As Boston continues to be a booming tech and innovation hub, PR pros are facing greater pressure to cut through the noise. To help understand the changing media landscape moving into 2017, InkHouse recently discussed tech media trends with Jeff Engel, senior editor of Xconomy. Below, Jeff explains some of the big pressures he faces today as a tech journalist, noting there’s too much news to cover, not enough time and steep competition from media outlets near and far, old and new.
Q: What do you think makes for the most compelling tech story?
A: It's a combination of timeliness, significance, putting the subject in the proper broader context, and telling the human story behind the tech. The last one is probably the most important -- examples include a relatable/interesting founder's story, or how people developed a cool technology.
Q: What types of stories are you most interested in doing?
A: I like telling stories that speak to the future of technology, but are still early enough that most people aren't aware of it or how it might be used differently. What's the next big thing? What are new ways that technology will transform our lives? Examples:
- Paul English’s Lola Nabs $20M For “Conversational Commerce” Play
- Death in the Digital Age: Tech Startups Help Us Cope With Mortality
- Glimpsing Digital Publishing’s Future at Codex Hackathon at MIT
Q: What was your favorite story of 2016? (That you wrote.)
A: My favorite story I wrote was: MIT Boosts Resources for Entrepreneurs as Startup “Fever” Rages. Bonus story, the one I had the most fun with: Smack Might Be the Future of Social Apps, But I’m Not Cool Enough
Q: Do you find PR people helpful when it comes to story ideas?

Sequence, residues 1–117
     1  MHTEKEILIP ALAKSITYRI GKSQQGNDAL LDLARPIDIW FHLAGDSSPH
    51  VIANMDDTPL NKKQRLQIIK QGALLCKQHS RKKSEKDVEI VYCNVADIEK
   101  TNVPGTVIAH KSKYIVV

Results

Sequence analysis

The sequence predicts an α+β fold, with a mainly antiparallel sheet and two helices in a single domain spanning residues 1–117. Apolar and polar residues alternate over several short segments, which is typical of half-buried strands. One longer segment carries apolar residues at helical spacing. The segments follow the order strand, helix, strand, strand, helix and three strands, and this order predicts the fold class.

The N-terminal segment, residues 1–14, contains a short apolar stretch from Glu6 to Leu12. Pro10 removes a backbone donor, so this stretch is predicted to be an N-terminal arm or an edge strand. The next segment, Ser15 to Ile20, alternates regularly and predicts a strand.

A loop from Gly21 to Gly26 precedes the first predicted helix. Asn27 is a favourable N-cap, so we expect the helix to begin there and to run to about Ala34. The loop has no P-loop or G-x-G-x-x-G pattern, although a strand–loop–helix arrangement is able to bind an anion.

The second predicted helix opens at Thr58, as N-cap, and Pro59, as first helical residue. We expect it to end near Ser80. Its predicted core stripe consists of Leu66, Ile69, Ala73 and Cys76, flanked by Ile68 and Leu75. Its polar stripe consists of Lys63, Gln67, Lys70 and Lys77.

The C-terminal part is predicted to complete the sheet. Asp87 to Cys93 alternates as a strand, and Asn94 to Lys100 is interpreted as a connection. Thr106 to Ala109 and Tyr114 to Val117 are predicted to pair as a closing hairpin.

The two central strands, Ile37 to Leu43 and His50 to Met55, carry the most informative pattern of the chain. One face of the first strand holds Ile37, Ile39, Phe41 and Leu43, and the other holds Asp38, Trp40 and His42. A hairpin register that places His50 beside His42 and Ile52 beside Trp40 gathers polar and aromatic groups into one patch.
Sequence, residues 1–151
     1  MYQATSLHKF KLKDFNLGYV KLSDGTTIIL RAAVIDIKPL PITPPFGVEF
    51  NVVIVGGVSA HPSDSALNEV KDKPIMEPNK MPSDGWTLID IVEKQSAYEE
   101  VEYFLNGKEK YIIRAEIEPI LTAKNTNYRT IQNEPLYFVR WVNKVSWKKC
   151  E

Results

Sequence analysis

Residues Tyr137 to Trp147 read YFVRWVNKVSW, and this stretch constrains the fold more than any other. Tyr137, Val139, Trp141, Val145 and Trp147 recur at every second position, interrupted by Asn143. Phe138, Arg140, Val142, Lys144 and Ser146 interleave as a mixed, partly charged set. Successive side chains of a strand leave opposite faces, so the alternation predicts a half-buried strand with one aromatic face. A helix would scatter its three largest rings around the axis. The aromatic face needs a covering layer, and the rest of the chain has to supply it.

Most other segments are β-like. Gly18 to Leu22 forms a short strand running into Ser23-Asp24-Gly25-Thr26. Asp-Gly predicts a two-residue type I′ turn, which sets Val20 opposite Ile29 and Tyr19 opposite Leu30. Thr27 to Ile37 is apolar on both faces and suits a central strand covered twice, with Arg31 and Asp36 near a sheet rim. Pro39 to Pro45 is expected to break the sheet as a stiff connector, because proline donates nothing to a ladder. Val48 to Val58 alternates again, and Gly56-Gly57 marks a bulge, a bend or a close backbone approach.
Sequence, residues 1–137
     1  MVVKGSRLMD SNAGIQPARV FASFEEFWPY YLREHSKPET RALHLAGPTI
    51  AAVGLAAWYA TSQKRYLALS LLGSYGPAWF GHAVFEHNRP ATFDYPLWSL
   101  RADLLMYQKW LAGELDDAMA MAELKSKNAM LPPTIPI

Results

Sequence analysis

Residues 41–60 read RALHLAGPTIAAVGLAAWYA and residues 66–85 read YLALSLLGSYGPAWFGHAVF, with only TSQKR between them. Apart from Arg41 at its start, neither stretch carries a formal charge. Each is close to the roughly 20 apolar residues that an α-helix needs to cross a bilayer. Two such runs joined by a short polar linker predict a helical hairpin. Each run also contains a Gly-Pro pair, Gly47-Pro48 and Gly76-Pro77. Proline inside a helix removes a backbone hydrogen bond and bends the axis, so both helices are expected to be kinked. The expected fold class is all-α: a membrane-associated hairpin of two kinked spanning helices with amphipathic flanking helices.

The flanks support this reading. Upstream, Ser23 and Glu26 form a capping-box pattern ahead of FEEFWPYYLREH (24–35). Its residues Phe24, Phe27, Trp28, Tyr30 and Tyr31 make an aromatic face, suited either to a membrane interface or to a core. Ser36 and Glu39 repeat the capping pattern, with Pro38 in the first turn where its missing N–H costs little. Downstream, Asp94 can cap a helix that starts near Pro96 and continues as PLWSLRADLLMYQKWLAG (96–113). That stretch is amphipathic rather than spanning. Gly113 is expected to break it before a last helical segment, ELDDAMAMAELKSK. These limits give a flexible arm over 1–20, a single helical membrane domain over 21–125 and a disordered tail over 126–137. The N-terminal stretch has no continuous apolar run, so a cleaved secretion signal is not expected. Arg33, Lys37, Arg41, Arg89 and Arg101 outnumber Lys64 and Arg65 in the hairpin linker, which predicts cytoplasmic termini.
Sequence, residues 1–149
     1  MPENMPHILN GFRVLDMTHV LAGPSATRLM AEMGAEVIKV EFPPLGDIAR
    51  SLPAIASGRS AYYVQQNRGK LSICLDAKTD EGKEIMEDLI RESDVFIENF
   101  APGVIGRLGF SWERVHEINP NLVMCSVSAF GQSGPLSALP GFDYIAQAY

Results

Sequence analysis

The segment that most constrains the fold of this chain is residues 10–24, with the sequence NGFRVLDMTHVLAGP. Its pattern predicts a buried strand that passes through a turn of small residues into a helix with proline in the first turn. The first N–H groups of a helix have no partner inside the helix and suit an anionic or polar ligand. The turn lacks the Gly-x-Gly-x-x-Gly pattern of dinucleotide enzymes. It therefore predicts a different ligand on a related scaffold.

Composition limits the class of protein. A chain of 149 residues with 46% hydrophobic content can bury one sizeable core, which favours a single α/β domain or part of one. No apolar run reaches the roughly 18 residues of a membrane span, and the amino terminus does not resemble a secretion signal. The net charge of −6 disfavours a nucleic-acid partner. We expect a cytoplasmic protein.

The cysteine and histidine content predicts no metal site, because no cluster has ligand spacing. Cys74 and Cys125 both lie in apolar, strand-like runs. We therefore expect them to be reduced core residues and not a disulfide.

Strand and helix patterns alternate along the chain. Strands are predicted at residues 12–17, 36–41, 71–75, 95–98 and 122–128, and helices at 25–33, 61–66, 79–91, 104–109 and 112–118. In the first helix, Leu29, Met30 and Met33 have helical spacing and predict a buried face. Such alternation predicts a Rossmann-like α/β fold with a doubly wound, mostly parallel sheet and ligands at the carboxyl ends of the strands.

A: Rarely, to be brutally honest. But it's usually not the PR person's fault. Your job is to get stories written about your clients or your employer, and a lot of times the material you're working with isn't super interesting to the journalists or our audience. Plus, Xconomy's editors prefer that we come up with story ideas on our own. I've had success coming up with interesting story ideas in collaboration with PR people when both sides are honest with each other about their goals, and both sides work together to find a good fit. And if a good fit can't be found in that instance, that's OK; we can move on and try again another time, with a different angle/idea.
Q: What is one thing that PR people can do to make your job easier?
A: Make sure the pitch fits my beat, and highlight those relevant details prominently (i.e., in subject line and/or first sentence of the email). Since my beat focuses on software companies with headquarters in the Boston area, 1) make sure that the pitch fits that criteria and 2) make sure it's obvious early in your email pitch that the company fits my beat. That'll make it more likely that I'll keep reading. We get so many pitches, anything PR people can do to make it easier for us to figure out whether the pitch fits our focus is super helpful.
Q: What’s your worst PR pet peeve?
A: Don't follow up an email pitch with a phone call. We're all buried in emails, and if we don't respond right away, it's either because we're swamped or we're not interested. I try my best to let people know quickly if the story is not of interest, but sometimes I've got to prioritize responding to other messages first, and things fall through the cracks. If I've worked with you before, I'll almost always respond to you via email, sooner or later. Sometimes it might take a follow-up email to remind me to respond; I don't mind that, as long as you give me at least 24 hours to respond. But please no phone calls, unless it's objectively huge news and it's truly urgent (i.e. in the next several hours your firm is announcing a $10M-plus funding round or an acquisition).
Q: Is there a particular segment of the tech industry that you predict will take off in Boston next year?
A: Cybersecurity -- it's already a big cluster in Boston, and will only grow as nationwide concerns over cybersecurity drive more purchases in the sector.
Q: Are you noticing any local companies tackling the lack of diversity in tech talent issue?
A: EzCater, which signed a White House inclusion pledge and has started publishing an annual report on its staff diversity. A few others are involved in the new Hack.Diversity initiative. See last bullet point in this recent news roundup: Boston Tech Watch: Dyn’s Payday, Self-Driving Car Tests, Akamai HQ